Int & Fix Functions

Discussion in 'ASP General' started by RN1, Dec 22, 2007.

  1. RN1

    RN1 Guest

    The book I am referring to learn ASP states the following about the
    Int & Fix VBScript Maths functions:

    =========================================
    Both Int & Fix return the integer portion of the number but the
    difference lies in handling negative numbers. Int returns the first
    integer lesser than or equal to the number whereas Fix returns the
    first integer greater than or equal to the number.
    =========================================

    I guess using the term "integer portion" would have been more
    appropriate than the term "first integer", isn't it?

    Nevertheless, isn't the difference stated above wrong to some extent?
    This is because the output of passing a negative number to the Int
    function (assuming that the number is a decimal/floating point number
    & that all the integers after the decimal point are not 0) will ALWAYS
    be LESSER than the integer portion of the negative number; the output
    will NEVER be EQUAL to the negative number. For e.g. both

    Int(-61.0003)

    &

    Int(-61.9999)

    will return -62 which is LESSER than the integer portion of both
    -61.0003 & -61.9999; it won't return -61 which is EQUAL to the integer
    portion of both the negative numbers -61.0003 & -61.9999. Of course

    Int(-61.0000)

    &

    Int(-61)

    will return -61.

    Also the output of passing a negative number to the Fix function (be
    it a decimal/floating point number or a whole number) will ALWAYS be
    EQUAL to the integer portion of the negative number; its output will
    NEVER be GREATER than the integer portion of the negative number. For
    e.g.

    Fix(-61.0003)

    Fix(-61.9999)

    Fix(-61.0000)

    &

    Fix(-61)

    will return -61 which is EQUAL to the integer portion of the 4
    negative numbers; it won't return -60 which is GREATER than the
    integer portion of the 4 negative numbers.

    Please correct me if I am wrong.

    Thanks,

    Ron
    RN1, Dec 22, 2007
    #1
    1. Advertising

  2. RN1

    Evertjan. Guest

    RN1 wrote on 22 dec 2007 in microsoft.public.inetserver.asp.general:

    > The book I am referring to learn ASP states the following about the
    > Int & Fix VBScript Maths functions:
    >
    > =========================================
    > Both Int & Fix return the integer portion of the number but the
    > difference lies in handling negative numbers. Int returns the first
    > integer lesser than or equal to the number whereas Fix returns the


    Must be a badly written book.

    Methinks "less than" would do:

    "5.2 being less than the integer 6, is even lesser than 5.3" ????????


    > first integer greater than or equal to the number.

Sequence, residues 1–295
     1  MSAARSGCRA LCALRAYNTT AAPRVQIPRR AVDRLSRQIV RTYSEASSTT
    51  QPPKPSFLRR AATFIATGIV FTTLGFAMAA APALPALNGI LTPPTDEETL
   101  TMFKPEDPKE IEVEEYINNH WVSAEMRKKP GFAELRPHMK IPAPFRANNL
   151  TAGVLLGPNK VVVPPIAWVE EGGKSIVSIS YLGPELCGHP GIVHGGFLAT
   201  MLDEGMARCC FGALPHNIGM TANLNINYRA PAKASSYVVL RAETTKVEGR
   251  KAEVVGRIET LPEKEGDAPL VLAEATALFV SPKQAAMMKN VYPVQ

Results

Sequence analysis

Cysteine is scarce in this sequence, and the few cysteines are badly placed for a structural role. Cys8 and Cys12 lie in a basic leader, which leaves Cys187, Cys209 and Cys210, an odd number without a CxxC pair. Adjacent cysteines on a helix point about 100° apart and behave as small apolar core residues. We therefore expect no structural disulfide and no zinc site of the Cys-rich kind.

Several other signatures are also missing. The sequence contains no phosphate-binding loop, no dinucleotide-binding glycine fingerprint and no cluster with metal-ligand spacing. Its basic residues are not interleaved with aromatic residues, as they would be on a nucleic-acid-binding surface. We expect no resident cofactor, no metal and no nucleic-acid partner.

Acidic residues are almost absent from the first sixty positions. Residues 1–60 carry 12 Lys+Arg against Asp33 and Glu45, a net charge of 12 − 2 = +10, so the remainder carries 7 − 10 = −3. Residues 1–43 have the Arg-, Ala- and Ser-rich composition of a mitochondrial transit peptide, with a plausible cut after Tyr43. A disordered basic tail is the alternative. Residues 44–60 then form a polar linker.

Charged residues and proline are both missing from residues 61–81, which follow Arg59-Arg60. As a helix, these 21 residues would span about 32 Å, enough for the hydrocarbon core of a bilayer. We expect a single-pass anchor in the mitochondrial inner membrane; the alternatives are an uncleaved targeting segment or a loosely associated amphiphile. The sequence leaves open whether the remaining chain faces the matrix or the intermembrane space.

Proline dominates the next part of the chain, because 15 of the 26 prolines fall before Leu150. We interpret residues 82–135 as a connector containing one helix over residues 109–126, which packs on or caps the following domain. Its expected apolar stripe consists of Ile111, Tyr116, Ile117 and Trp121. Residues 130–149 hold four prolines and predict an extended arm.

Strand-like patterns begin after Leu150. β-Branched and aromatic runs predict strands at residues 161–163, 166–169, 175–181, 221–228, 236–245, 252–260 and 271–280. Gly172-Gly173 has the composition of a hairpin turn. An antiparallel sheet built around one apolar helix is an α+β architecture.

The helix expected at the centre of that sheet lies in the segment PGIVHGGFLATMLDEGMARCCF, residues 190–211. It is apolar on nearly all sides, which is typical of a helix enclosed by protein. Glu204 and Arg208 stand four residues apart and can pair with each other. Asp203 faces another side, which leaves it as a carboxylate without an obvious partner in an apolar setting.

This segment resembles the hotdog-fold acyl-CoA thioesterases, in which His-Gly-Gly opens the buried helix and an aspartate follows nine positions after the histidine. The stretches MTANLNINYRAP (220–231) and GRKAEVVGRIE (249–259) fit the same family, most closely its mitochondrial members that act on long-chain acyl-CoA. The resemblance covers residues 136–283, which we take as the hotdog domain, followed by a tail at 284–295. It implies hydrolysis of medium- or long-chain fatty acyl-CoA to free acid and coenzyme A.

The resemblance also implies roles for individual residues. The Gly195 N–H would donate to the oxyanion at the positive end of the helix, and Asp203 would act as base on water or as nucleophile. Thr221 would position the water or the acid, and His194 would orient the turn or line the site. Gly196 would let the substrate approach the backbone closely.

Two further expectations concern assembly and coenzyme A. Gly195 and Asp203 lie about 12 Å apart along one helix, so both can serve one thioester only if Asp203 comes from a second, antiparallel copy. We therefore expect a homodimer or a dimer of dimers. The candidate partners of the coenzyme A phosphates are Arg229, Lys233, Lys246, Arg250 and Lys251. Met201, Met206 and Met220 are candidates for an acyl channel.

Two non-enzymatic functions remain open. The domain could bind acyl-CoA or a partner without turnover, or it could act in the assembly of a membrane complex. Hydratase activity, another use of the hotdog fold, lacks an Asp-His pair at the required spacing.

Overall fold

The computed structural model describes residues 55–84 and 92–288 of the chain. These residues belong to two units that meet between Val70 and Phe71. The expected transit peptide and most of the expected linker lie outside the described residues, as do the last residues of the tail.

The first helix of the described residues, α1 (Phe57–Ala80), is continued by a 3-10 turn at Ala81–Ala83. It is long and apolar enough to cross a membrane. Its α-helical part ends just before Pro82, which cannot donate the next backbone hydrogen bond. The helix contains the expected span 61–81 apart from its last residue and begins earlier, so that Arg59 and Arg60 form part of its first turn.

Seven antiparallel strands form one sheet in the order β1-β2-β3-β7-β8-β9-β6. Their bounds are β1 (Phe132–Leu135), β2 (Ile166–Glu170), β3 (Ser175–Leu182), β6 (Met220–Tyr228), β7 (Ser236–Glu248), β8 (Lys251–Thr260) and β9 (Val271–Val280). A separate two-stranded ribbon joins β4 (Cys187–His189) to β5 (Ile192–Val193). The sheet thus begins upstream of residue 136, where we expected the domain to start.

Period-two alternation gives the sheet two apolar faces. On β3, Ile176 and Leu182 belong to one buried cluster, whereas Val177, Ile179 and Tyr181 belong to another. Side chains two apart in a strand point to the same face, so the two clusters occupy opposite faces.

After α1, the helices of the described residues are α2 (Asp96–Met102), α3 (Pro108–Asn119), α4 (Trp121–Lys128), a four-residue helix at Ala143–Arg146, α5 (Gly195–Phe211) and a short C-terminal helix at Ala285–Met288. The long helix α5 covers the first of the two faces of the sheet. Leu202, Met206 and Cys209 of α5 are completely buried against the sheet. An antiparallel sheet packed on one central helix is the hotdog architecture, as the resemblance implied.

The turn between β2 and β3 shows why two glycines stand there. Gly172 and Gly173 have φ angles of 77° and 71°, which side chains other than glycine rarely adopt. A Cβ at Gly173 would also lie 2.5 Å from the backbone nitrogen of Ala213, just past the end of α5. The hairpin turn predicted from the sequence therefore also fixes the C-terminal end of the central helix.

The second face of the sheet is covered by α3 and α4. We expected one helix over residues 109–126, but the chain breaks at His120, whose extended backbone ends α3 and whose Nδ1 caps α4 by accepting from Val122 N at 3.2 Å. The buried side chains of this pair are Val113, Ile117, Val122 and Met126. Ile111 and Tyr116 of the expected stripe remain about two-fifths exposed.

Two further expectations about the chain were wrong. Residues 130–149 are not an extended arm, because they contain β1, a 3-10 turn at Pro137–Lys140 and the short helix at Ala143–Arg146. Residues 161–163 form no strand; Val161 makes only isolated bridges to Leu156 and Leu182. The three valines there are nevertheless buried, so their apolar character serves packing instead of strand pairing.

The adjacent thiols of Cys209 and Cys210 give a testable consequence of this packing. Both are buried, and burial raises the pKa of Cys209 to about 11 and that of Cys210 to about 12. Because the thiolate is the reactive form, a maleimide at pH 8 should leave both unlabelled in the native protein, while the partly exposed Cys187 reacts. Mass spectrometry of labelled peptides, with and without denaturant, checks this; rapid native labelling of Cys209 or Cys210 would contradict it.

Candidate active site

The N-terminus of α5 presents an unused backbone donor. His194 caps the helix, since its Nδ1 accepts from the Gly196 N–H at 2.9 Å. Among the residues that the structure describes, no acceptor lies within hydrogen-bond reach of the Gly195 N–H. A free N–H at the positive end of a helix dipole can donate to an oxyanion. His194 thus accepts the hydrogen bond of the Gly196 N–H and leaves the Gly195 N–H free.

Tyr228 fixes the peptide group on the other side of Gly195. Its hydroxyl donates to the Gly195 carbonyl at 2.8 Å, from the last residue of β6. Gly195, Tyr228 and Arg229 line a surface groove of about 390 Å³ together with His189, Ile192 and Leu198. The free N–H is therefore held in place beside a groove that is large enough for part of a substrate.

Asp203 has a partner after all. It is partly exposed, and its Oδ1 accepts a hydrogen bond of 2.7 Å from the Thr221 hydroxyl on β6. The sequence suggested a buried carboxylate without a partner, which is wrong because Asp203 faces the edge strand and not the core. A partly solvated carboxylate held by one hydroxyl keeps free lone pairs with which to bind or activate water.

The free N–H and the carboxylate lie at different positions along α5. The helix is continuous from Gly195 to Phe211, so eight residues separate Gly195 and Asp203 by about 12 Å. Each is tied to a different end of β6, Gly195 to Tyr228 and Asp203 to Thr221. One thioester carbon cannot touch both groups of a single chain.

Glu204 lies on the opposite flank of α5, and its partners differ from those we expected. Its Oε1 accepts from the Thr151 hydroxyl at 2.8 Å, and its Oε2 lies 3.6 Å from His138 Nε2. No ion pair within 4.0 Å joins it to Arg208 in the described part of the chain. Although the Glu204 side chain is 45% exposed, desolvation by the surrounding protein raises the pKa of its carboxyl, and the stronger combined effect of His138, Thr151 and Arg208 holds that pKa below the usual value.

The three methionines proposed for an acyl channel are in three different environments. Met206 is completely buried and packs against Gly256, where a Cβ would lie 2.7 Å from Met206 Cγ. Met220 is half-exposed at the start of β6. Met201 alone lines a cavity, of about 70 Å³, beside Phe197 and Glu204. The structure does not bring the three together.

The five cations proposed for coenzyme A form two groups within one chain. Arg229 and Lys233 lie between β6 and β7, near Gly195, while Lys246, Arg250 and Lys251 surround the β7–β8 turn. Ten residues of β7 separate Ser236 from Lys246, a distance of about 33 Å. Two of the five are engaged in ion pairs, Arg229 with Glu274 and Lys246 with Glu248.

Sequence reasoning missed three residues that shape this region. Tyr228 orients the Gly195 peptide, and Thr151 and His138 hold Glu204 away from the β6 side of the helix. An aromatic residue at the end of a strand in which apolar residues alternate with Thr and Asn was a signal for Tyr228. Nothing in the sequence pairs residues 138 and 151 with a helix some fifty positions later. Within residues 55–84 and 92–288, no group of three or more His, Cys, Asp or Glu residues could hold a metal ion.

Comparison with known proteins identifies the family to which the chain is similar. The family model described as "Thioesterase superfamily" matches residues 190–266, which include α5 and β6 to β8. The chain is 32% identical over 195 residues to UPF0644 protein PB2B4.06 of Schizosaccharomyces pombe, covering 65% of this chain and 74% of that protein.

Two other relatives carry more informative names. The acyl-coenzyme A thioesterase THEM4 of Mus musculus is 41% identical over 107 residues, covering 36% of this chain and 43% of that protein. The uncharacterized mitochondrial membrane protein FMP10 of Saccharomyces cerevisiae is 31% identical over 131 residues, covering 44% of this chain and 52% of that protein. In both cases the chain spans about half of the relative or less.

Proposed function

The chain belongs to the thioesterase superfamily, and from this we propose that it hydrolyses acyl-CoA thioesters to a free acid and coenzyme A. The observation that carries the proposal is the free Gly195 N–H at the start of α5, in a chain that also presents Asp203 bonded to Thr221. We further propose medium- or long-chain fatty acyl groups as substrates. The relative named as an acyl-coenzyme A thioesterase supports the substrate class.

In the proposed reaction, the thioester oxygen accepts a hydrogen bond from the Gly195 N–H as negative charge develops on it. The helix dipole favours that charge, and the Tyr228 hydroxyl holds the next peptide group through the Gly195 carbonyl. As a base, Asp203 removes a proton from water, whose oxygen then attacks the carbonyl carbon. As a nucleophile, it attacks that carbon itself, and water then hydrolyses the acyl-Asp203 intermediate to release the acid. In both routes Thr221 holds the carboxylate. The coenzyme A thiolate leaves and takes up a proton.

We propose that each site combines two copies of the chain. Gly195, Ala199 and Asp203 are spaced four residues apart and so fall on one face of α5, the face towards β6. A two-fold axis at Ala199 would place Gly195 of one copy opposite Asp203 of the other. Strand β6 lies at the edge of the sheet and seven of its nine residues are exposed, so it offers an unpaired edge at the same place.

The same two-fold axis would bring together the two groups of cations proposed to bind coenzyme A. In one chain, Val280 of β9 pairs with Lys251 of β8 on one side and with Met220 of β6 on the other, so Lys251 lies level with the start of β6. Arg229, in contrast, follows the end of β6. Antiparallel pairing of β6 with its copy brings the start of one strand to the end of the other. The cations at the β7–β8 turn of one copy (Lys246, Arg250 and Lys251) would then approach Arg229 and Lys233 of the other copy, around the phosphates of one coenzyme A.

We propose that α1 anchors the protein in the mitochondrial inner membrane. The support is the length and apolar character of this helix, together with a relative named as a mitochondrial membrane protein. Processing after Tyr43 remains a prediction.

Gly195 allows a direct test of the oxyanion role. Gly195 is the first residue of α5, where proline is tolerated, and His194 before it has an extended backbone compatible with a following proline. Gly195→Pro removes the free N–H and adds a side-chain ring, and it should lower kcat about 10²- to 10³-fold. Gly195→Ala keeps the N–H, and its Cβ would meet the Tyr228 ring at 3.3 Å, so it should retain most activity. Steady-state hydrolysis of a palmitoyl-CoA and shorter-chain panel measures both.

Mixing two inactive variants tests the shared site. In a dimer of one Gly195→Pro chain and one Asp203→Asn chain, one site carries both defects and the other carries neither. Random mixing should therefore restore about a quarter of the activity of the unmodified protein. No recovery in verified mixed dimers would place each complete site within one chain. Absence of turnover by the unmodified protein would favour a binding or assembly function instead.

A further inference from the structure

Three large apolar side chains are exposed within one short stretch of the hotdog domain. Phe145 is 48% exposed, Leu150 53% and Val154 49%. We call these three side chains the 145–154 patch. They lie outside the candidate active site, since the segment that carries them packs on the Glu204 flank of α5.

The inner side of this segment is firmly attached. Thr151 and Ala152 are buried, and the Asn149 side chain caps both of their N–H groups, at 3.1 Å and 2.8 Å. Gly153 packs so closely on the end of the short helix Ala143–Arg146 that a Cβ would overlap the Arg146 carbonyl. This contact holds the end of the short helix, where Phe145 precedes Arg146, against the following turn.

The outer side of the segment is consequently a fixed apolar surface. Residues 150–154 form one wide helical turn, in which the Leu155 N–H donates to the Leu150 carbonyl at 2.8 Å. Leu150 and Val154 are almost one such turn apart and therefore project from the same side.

> =========================================
    >
    > I guess using the term "integer portion" would have been more
    > appropriate than the term "first integer", isn't it?


    No, "integer portion", though it gives a nice feeling, is only logical if
    the numeric value is described as a string.

    Any non integer real number has a "first integer" on "both sides" of it's
    value.

    MS-scripting reference 5.6 says:

    "The difference between Int and Fix is that if number is negative, Int
    returns the first negative integer less than or equal to number, whereas
    Fix returns the first negative integer greater than or equal to number. For
    example, Int converts -8.4 to -9, and Fix converts -8.4 to -8."

    ========================================
    So int() returns the first integer value "less than",

    while fix() returns the firrst integer value "nearer to zero".
    ========================================

    > Nevertheless, isn't the difference stated above wrong to some extent?
    > This is because the output of passing a negative number to the Int
    > function (assuming that the number is a decimal/floating point number


    A "decimal number" in my book is just a way [11]
    of writing a number to a string,
    as it could also be a written as an octal [13]
    or hexadecimal
    or binary number [111],
    or written "exponentially" [1.1e1] [.11e2]
    or "scientific" [11e0] .

    Yes, I know that a non integer number, when written decimaly, has numbers
    right of the integer/fractional devision sign which are wrongly called
    decimal figures.

    A "floating point number" is a way of internally storing a number with
    a mantissa and an exponent.

    An integer can be, and with ASP-VBS is, stored as a floating point number!!

    So let us say "non integer number".

    > & that all the integers after the decimal point


    "integers after a decimal point"?
    Do you mean "single figures" after ...
    A integer being a numeric value.

    > are not 0) will ALWAYS


    0) ????

    > be LESSER than the integer portion of the negative number; the output


    .... always be LESS than ...

    > will NEVER be EQUAL to the negative number.


    Why not?

    Int(-61) is just -61

    > r e.g. both
    >
    > Int(-61.0003)
    >
    > &
    >
    > Int(-61.9999)
    >
    > will return -62 which is LESSER than the integer portion of both
    > -61.0003 & -61.9999;


    LESS